Create your own Dynamic DNS for free (almost) with Docker and AWS
Do you use free Dynamic DNS (DDNS) services like NoIP.com and you feel frustrated for having to confirm your hostname every month to keep your account alive? Additionally, you have your own custom domain which you already use on your website/blog, and you think you could also use it for DDNS? You are in the right place.
- You own a custom domain like mydomain.com
- You have some kind of hardware plugged in 24/7 at home (i.e. in your DDNS place)
- Few minutes to configure the whole environment :)
Install Docker on your hardware
Here there are different variations depending on your hardware. If your “24/7 hardware” is a PC with Windows/macOS, you should install Docker Desktop. However, if you have a linux system such as a server or an IoT device like a Raspberry Pi, you should install the Docker engine (and docker-compose) package. I leave here few hints:
- In Ubuntu, it’s included in the official repository:
$ sudo apt-get install docker.io docker-compose
- For Raspberry Pi Raspbian, I recommend this tutorial.
Setup your domain DNS in AWS Route 53
If you don’t have an AWS account, create yours here. You’ll have access to few services for free for 12 months — check here the full list of the included products in the free tier. However, Route 53 is not included. You’ll pay $0.50 per hosted zone per month ($6 annualy), that it’s quite cheap :)
With your AWS account make Route 53 the DNS service for the custom domain you use. For this step, you can follow the instructions in this post of the AWS documentation. In the end you could also optionally transfer registration for the domain to Route 53, so your domain registration would be managed by AWS too. This is not required for this tutorial though, you only need to have the DNS service in Route 53.
At this point you should have a hosted zone in AWS Route 53 with your custom domain and all the previous records you were using for your website/blog/email. Now, create a new A record (e.g. ddns.mydomain.com) with a dummy IP (tip: use the same you have in www A record).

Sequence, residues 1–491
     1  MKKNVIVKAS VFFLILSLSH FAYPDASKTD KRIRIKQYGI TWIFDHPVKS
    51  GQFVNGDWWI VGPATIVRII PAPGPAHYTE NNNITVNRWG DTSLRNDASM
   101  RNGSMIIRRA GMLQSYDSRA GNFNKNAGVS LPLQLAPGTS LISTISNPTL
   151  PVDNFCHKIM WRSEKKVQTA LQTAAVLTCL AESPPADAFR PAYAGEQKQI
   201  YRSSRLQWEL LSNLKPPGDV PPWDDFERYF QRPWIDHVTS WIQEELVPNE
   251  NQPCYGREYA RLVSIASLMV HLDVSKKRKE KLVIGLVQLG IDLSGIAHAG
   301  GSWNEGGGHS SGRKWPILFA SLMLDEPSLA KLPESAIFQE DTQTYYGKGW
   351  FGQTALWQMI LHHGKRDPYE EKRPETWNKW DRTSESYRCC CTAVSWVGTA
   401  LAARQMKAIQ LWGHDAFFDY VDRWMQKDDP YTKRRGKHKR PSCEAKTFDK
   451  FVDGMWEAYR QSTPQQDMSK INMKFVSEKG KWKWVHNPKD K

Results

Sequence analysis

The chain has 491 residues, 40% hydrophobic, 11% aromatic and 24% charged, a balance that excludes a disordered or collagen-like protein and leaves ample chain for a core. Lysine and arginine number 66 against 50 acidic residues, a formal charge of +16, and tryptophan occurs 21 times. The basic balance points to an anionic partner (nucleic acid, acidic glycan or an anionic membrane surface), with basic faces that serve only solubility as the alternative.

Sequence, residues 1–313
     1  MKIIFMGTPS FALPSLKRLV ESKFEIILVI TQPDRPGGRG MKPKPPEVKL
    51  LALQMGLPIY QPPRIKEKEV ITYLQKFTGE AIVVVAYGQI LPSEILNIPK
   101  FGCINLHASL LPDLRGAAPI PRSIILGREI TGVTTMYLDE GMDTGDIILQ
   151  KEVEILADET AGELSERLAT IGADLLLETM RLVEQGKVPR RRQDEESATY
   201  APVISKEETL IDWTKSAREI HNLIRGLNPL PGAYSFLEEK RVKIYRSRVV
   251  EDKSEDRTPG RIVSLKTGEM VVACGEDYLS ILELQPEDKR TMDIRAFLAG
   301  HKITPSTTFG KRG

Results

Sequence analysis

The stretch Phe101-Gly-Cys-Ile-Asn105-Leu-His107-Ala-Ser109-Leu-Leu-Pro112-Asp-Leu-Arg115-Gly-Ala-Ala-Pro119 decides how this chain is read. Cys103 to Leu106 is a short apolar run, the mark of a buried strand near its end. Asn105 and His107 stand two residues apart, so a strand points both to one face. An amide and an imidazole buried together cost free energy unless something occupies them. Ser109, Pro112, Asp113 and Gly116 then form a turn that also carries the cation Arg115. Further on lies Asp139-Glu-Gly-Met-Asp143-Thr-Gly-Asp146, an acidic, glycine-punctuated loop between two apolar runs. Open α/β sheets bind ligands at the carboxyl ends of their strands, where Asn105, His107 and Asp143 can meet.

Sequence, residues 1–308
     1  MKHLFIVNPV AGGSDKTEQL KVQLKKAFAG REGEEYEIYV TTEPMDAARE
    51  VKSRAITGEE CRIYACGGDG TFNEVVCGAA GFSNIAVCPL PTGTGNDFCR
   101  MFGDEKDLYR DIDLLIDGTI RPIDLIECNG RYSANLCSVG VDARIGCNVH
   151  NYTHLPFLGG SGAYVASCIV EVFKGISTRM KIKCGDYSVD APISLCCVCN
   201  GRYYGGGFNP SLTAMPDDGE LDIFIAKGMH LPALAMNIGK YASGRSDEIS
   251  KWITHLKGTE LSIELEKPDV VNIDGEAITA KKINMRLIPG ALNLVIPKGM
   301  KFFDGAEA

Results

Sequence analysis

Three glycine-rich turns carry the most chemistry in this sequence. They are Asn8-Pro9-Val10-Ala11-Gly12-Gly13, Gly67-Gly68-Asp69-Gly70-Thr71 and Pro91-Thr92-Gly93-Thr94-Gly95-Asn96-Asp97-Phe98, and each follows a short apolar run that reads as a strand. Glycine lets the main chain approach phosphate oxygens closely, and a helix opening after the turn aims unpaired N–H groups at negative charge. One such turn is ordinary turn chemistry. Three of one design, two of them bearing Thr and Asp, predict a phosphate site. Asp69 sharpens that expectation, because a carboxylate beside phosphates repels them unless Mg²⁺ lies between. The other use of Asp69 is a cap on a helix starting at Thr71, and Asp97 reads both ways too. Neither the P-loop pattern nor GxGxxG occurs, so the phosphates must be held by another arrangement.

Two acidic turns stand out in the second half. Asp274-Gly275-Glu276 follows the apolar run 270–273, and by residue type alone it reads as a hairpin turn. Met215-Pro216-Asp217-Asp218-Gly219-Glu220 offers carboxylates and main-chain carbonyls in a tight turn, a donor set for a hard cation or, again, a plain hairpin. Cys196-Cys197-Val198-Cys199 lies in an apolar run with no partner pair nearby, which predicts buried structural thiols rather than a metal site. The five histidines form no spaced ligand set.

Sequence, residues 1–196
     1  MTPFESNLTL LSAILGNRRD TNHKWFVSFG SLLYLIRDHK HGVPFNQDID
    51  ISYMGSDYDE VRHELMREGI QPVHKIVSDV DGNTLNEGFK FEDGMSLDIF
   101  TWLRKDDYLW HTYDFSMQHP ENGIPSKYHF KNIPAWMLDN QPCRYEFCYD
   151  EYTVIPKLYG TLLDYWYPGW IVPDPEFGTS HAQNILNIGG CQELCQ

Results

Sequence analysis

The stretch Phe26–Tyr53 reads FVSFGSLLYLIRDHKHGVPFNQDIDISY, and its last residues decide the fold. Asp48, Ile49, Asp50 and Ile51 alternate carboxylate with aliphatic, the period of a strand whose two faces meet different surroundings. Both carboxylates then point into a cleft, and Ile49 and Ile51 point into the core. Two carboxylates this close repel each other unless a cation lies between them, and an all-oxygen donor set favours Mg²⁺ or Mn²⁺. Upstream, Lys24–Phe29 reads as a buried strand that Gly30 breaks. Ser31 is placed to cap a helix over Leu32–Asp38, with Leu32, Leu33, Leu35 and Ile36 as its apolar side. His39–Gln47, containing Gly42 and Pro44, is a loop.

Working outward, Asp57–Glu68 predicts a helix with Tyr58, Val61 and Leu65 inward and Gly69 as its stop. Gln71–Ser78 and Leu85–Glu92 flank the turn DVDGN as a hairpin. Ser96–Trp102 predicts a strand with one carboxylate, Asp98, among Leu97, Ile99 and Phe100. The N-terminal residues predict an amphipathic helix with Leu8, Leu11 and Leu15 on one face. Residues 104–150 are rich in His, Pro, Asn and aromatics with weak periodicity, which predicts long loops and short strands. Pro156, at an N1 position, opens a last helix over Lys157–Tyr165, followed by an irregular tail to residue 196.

Finally, save the “Hosted zone ID” of your domain. You can look for it in the Route 53 mainpage.
Create a secret key in AWS IAM
You need to create an access key, so the service can update the record with AWS CLI. You can do this in AWS IAM here. Save the Access key ID and the Secret key. Note that you won’t be able to check the Secret key later. If you need to recover it, delete the previous key and create a new one.
Clone the git repository and update the file with AWS variables
On your 24/7 machine, clone the git repository I developed to this tutorial:
Edit the file
aws_variables.env and add the correspondent info:
- The default AWS region in
AWS_REGION=, example eu-west-3
- The Access Key ID in
- The Secret Key in
- The Hosted zone ID in
- The Record name you want to update
AWS_RECORD_NAME=, example ddns.mydomain.com
Build and run Docker image with DDNS Route53 built-in
And now, the final step, and the easiest one: inside the
ddns_aws_route53 repository folder, run:
$ sudo docker-compose up -d
You now have a service running on your hardware which updates the Route 53 record with your Public IP. The service is checking your public IP every minute, and if there is any change to the address, it will update the record. The docker container with the DDNS service will start automatically whenever Docker daemon is started (on boot in linux) or when you start Docker Desktop in Windows/macOS.
Now, take advantage of your new DDNS: access your home network, deploy your private VPN, control your home automation, or host a service on your home server.
If you have any issue, observation or recommendation, please comment. If you find it useful, share this tutorial ;)
Credits for the AWS CLI script: https://www.cloudsavvyit.com/3103/how-to-roll-your-own-dynamic-dns-with-aws-route-53/